Career Paths:This degree works for those who are interested in becoming a registered nurse sooner than the time it would take to complete a four-year BSN degree program.
Licensed Practical Nursing (LPN) to Bachelor of Science in Nursing (BSN)
LPN to BSN bridge programs take into consideration a student’s LPN work experience, which means that students would receive a liberal arts education without going the traditional four-year route to a bachelor’s degree.
Time to Completion:A full-time program can take as little as four academic semesters to complete; though it is possible to complete on a part-time basis. The workload can be more rigorous than other LPN options, which is a consideration for students completing this program amidst work and family obligations.
Career Paths:Completing an LPN to BSN program enables graduates to work as an RN. An RN with a BSN is considered more senior than a nurse with an associate degree and typically earns a higher salary. A BSN paves the way for managerial roles, as well as opens the door to furthering your education with a graduate degree in Nursing.
Bachelor of Science in Nursing (BSN)
When considering the different types of nursing degrees it’s important to understand that a bachelor of science in nursing (BSN) degree is preferred by most health care providers and offers a broader range of career opportunities in today’s health care field.
So do you want to pursue an ASN or a BSN? According to a study conducted by the American Association of Colleges of Nursing (AACN), patients cared for by nurses with a BSN have better outcomes and lower rates of mortality. Bachelor’s-level nurses are also more proficient in making diagnoses and evaluating the results of interventions. According to the AACN, the Institute of Medicine (IOM) released a report recommending that the number of nurses with a BSN increase from 50% to 80% by 2020. Many hospitals and other medical facilities follow the IOM guidelines and encourage RNs with an associate degree to earn their BSN within five years of their graduation from an associate degree program.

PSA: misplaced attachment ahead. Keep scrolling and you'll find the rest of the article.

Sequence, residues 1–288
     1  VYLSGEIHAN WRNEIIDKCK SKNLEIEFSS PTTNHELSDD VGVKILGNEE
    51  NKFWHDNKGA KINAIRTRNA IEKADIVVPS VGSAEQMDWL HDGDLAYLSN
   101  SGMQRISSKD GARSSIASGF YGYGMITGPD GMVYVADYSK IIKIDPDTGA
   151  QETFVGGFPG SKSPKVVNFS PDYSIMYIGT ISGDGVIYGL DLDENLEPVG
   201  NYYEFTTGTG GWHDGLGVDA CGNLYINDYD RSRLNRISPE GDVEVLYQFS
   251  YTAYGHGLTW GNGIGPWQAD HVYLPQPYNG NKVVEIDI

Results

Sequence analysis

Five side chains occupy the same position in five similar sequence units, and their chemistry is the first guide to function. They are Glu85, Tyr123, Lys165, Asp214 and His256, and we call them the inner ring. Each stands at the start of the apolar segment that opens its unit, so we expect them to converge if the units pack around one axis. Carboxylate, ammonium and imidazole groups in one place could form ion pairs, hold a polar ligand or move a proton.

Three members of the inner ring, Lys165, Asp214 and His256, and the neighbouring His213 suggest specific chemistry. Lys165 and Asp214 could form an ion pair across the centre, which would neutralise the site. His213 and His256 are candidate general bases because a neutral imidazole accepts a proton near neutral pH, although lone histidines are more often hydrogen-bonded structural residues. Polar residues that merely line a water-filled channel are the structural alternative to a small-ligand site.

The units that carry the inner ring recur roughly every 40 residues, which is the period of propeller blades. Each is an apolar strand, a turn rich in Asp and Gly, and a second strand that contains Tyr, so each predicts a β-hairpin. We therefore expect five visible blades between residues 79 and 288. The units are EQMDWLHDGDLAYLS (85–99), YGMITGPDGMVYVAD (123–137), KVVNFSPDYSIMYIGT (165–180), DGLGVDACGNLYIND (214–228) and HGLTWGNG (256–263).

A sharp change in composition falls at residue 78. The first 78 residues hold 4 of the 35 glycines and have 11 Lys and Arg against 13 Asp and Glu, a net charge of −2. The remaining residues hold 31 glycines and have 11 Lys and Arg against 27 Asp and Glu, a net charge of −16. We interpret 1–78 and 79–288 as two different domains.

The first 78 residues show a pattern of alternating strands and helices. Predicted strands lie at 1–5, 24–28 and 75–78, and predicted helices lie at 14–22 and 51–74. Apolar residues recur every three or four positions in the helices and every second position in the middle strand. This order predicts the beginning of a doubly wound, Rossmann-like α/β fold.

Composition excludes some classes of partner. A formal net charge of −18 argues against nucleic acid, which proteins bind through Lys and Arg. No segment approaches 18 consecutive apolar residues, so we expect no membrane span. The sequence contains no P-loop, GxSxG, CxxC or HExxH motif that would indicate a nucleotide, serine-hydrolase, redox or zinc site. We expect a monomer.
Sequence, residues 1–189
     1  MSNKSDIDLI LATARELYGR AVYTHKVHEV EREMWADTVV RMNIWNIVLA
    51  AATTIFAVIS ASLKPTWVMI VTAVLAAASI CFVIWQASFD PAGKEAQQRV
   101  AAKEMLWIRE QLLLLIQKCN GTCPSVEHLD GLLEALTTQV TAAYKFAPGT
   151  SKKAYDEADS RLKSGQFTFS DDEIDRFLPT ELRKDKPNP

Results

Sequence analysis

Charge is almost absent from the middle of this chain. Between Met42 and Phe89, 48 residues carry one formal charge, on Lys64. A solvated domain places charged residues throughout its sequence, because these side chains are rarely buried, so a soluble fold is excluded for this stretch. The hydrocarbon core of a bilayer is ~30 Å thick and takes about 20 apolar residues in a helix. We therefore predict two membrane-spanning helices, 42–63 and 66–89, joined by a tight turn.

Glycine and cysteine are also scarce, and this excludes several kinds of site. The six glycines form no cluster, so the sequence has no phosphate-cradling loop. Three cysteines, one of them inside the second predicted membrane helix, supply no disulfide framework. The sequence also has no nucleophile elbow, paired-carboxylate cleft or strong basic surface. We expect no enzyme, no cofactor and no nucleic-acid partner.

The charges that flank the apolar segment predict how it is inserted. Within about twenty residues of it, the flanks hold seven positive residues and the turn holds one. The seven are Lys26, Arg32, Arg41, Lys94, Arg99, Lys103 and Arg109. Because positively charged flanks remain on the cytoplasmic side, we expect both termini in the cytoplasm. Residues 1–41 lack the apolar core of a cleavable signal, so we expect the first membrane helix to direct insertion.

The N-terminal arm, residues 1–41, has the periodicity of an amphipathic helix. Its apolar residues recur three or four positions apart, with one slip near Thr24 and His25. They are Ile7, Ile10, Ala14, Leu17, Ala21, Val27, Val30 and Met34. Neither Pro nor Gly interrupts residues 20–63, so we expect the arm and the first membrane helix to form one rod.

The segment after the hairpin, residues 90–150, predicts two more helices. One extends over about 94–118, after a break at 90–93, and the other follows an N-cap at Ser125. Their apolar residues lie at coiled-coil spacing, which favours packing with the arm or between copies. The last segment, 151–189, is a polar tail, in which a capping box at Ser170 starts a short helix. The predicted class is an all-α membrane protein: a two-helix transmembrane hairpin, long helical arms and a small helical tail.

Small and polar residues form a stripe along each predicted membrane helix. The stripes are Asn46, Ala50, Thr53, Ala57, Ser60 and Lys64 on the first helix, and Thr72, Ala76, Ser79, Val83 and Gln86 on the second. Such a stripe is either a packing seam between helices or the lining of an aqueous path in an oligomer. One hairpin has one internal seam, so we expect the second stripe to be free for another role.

Time to Completion:Four years. A BSN program involves an extensive amount of coursework and lab time. While some BSN degree programs include a mix of on-campus and online classes, clinical experiences are always completed onsite at a college campus or hospital.
Career Paths:A BSN degree is required for many nursing positions. For those who have their sights set on one day earning a graduate degree, it is recommended to pursue a BSN program as opposed to the other nursing program options that require less time and offer less training.
Registered Nurse (RN) to Bachelor of Science in Nursing (BSN)
This bridge program is designed for registered nurse (RN) graduates with an associate degree who want to earn their bachelor of science in nursing (BSN) degree.
Time to Completion:About two years. This program provides credit for previous nursing skills and work experience, and is often offered within a very flexible schedule designed for working nurses. Many schools offer online courses and multiple start dates so students don’t have to wait for September to get started.
Career Paths:Nurses with a BSN degree can expect higher salaries and opportunities to take on supervisory positions. It’s also a necessary step for earning a master’s degree.
Second Degree Bachelor of Science in Nursing (BSN)
A Second Degree BSN, sometimes called an ABSN, is designed for adults with a non-nursing bachelor’s degree who wish to transition their career into the nursing field.
Time to Completion:A Second Degree BSN typically takes two years or less, since these programs will give credit for previously completed liberal arts requirements. Online programs are available for students who need more flexibility, and some schools offer an accelerated BSN (ABSN) programs that can be completed as quickly as 12 to 20 months. In addition to challenging coursework, students need to account for time spent completing clinical rotations.
Career Paths:Same as above.
Your GMercyU Path to a Degree in Nursing